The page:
And so, now today, I'm making gravity-proving rocks available to the general public. You've heard of Civil War reenacting? And Nazi reenacting? This is Galileo reenacting, much like we've all done chemistry reenacting with our own little chemistry sets. So look for "Ye Olde Gravity-Proving Rock Shoppe," and, thanks to the postman willing to do the backbreaking work of carrying them, you will have these very valuable rocks soon in the convenience of your own home!
The basic package is this: One larger rock and one smaller. These are good sized rocks, with the heft you know they need to fall reliably. Then as a bonus, I include a smaller rock and two rocks smaller yet. Lest you think two rocks competing with one rock might make a difference. Which stands to reason, by the principle of ganging up. You might be surprised!
Of course any enterprise like this, with all of science at stake, has to have good equipment. That's why I personally handpick my rocks, with great care. Once handpicked, I eyeball them to make sure that, to all appearances, one is larger than the other. Once chosen, I clunk them. And if they're not hollow -- none has been so far -- they pass the test, they're good to go. Plus, I can affirm, without equivocation, that each rock is thoroughly gravity-tested, having been subject to gravity for decades and even centuries.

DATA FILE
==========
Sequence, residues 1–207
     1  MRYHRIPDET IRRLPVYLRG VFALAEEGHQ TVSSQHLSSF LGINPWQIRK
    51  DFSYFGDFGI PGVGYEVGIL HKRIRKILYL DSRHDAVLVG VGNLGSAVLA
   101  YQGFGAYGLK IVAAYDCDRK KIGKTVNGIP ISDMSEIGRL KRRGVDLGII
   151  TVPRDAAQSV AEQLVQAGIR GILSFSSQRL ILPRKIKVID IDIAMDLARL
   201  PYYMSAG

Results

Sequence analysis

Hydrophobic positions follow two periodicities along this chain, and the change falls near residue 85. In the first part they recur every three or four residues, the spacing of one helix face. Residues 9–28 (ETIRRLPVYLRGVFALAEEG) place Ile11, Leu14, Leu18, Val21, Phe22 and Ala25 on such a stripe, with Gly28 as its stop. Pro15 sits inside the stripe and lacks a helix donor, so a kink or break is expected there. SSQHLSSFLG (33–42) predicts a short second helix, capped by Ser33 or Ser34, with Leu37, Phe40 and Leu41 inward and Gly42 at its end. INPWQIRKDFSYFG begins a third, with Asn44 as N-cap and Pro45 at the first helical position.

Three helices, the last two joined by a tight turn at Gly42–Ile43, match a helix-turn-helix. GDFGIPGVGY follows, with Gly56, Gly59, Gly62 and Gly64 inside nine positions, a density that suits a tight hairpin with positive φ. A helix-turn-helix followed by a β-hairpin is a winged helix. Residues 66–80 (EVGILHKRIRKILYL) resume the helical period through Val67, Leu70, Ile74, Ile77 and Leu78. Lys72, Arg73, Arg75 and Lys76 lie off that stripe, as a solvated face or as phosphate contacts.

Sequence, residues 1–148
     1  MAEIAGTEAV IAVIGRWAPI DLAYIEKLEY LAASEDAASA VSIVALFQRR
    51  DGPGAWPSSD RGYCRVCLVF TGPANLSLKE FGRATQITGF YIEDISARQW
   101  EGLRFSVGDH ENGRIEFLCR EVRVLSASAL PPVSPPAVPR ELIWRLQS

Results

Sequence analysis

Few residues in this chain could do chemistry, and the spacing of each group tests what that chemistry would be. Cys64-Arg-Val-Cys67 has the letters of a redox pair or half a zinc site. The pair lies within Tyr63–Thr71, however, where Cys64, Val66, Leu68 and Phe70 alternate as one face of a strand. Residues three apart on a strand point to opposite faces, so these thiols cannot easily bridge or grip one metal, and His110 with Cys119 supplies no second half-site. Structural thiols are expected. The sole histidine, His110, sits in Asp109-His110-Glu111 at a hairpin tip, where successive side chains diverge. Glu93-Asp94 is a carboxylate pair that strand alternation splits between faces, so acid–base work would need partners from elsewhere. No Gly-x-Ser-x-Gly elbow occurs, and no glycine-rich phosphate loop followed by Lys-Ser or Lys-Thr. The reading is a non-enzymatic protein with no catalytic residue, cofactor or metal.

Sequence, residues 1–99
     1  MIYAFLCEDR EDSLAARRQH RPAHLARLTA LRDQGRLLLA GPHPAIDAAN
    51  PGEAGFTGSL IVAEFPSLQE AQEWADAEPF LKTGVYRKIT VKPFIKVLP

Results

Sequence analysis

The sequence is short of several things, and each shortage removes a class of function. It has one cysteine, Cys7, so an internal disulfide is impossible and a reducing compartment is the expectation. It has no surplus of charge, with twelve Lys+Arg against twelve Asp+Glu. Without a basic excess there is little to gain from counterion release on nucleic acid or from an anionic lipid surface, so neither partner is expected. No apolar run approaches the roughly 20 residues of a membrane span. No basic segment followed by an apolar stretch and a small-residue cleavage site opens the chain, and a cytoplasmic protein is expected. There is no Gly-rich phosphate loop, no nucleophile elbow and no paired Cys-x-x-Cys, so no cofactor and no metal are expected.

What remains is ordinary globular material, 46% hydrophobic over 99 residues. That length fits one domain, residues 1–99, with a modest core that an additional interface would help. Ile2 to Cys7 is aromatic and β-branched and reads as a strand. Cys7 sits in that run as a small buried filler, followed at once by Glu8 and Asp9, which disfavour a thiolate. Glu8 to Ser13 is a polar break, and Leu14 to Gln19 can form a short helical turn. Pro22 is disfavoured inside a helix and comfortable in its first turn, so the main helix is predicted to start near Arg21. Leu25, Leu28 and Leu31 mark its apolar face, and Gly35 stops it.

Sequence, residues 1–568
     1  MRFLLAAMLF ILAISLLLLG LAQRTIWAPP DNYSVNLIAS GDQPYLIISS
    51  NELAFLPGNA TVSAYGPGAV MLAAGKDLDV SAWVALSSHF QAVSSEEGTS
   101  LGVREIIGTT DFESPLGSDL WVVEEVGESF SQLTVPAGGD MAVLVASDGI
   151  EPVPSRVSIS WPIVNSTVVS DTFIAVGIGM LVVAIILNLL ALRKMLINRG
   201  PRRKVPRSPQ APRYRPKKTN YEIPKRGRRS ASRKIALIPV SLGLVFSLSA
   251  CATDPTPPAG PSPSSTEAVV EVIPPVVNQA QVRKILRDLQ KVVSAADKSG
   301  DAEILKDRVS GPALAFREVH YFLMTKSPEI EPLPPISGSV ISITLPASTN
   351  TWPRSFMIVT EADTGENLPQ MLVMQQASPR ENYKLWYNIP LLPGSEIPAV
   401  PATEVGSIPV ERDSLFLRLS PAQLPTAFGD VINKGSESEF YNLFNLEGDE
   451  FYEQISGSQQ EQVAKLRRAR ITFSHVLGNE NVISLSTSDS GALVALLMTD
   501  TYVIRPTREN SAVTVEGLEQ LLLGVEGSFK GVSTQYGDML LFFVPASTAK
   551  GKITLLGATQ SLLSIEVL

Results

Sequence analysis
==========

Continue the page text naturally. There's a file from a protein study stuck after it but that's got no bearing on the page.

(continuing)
I'm like the guys who sell telescopes and test tubes, all good for up and coming scientists. Both they and I are not in it just for the money, but for the thrill of discovery. I personally think about little kids out there, any one of which might be the next Aristotle, and I want them to be dispelled of their errors early on. Why waste a thousand years? Maybe they'll need Dad to help them get their rocks to the top of the water tower -- one's heavier than the other -- but once propelled toward the ground, Junior Aristotle will be able to gauge quickly, both landed safely.
Wednesday, April 16, 2014
I think having a good vocabulary is very important. That's the way I was brought up. So it shocks me to hear people cussing a blue streak. It was just in the news today, some lady calling another lady a bitch.* How terrible! I'd never vote for her, not just for that, but because she's a Republican. Much worse.
Anyway, to me good vocabulary is essential, making me different, overall, from most criminal types.
OK, there was this one criminal, who was pretty well governed when it came to good language. He hadn't forgotten what his Mother taught him, that you're known by your character. He kept her teaching as it concerned vocabulary, although he didn't keep it when it came to crime. His argument was crime was what he did to keep his mouth well-fed, then a well-fed mouth can keep itself in check.
But, even though crime sometimes pays for a while, keeping your mouth well-fed, in the end, many times, maybe 7 out of 10 times, it ultimately doesn't pay. And even if you get away with every crime in your life you've left behind so much damage for others that overall it doesn't really pay.